Jan 17 2024

How to Master Infrastructure as Code with AWS’s Terraform

This tool simplifies infrastructure deployment and management, but it helps to know these four tips.

When it comes to cloud computing, Infrastructure as Code has become a linchpin for organizations trying to achieve agility and scalability. With its promise of seamless software development and improved IT operations, IaC ensures efficient, consistent and rapid cloud environment deployment of code for organizations of all sizes. 

Navigating the intricacies of IaC can be challenging. Those deploying code on the Amazon Web Services cloud platform have found that AWS’ Terraform can help. Here are four tips to help you master IaC using Terraform.

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1. Set Up AWS for Terraform Integration

Initiating your AWS environment to work seamlessly with Terraform requires some fundamental steps. First, though, ensure that you have an active AWS account. 

Once logged in, create an identity and access management (IAM) user with programmatic access, which will allow Terraform to interact securely with AWS services. Remember that you need to assign appropriate permissions to this user. You can leverage Amazon’s managed policies, such as AdministratorAccess, to achieve this, but always practice the principle of least privilege.

Next, install the AWS Command Line Interface onto your local machine. From there, authenticate the CLI with the credentials of the IAM user you’ve just created, which will ensure that Terraform can assume the necessary permissions when communicating with AWS.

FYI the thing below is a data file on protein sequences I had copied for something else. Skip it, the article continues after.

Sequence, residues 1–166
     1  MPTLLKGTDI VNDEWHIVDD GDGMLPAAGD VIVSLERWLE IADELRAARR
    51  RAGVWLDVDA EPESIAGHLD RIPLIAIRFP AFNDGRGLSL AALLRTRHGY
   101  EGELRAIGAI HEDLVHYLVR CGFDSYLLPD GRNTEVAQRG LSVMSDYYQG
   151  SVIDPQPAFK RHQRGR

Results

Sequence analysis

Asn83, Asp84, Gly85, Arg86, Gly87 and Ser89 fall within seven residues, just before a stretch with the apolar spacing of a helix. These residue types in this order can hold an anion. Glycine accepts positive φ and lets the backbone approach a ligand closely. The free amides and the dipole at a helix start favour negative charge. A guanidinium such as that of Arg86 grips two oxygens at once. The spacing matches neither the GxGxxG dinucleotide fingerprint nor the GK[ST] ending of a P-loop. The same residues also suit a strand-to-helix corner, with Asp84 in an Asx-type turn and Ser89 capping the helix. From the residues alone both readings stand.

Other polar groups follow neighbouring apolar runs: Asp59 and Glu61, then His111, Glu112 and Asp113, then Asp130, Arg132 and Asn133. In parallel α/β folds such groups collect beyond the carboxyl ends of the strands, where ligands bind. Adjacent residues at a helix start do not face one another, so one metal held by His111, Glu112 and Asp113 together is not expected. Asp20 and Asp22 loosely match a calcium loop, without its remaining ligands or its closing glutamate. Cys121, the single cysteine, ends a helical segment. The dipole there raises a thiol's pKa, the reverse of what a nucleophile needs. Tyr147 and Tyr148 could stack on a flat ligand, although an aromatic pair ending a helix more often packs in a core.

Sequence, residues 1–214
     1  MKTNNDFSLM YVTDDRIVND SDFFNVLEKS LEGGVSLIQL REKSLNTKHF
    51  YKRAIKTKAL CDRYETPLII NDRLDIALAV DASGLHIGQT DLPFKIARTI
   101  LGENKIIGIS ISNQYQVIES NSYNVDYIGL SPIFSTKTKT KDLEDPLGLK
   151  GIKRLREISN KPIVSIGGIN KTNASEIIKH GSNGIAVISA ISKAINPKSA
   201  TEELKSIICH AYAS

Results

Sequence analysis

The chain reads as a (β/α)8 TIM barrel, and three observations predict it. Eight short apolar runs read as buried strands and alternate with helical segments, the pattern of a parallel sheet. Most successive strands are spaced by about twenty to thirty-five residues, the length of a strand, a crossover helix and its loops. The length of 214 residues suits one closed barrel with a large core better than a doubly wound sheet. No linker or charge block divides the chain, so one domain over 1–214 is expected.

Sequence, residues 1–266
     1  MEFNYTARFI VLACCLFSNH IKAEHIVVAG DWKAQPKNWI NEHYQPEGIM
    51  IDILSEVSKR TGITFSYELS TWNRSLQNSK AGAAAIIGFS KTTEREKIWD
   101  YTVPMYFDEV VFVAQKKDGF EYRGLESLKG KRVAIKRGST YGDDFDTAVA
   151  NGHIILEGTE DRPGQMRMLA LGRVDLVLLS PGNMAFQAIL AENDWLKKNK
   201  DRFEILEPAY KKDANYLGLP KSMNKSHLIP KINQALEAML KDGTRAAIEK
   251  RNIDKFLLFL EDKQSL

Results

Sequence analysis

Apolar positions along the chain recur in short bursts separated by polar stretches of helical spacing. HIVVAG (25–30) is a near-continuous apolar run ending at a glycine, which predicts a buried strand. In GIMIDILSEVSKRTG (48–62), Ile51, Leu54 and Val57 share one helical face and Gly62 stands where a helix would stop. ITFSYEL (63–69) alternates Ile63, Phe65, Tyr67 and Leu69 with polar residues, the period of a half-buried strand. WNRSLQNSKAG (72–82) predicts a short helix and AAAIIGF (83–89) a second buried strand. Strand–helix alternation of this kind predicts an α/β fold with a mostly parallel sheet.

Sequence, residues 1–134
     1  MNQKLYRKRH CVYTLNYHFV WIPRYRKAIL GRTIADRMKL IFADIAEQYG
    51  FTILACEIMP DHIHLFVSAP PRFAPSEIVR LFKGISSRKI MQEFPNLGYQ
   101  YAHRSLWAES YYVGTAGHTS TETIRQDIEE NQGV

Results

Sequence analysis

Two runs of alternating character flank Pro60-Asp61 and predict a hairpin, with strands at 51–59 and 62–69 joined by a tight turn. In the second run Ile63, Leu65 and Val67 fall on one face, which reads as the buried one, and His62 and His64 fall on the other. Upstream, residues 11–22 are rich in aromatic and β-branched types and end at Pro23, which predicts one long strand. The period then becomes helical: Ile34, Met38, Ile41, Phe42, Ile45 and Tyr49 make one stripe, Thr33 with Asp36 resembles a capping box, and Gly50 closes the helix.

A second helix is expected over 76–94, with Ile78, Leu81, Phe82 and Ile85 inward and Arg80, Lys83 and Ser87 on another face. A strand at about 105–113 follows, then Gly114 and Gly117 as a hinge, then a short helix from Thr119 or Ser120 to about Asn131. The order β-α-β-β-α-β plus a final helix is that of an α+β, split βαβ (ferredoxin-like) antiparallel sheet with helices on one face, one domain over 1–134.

2. Harness Terraform’s Declarative Configuration Language

Terraform uses its own proprietary language called HashiCorp Configuration Language, or HCL for short. (HashiCorp is the software company that invented it.) It’s a declarative language, meaning that you specify what you want without explicitly detailing how to achieve it. To help guide you, here’s a simple example to provision an AWS S3 bucket:

resource "aws_s3_bucket" "my_bucket" {

 bucket = "my-unique-bucket-name"

 acl = "private"

}

This code example defines a resource, in this instance, an S3 bucket, with specified configurations. When you run ‘terraform apply,’ Terraform will ensure that such a bucket exists; if not, it will create one for you.

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3.Organize Configurations Into Logical Components

As your infrastructure grows greater in scale, maintaining a monolithic Terraform configuration can quickly become cumbersome. To help mitigate this, try to break down your configurations into more logical components. For instance, you can have separate networking, databases and computing resource configurations.

Terraform files with the .tf extension can be split into multiple files within the same directory. Terraform will automatically aggregate them for you during execution. 

4.Manage Dependencies in Terraform

Resources in Terraform often depend on one another for them to function properly. Thankfully, Terraform is intelligent enough to identify these dependencies and create resources in the correct order, and explicit dependencies can also be defined using the depends_on attribute.

However, it’s essential for developers to try to minimize interdependencies to help make their configurations more modular and manageable. Avoid hard coding resource identifications or attributes; instead, use Terraform’s interpolation syntax to reference attributes from other resources.

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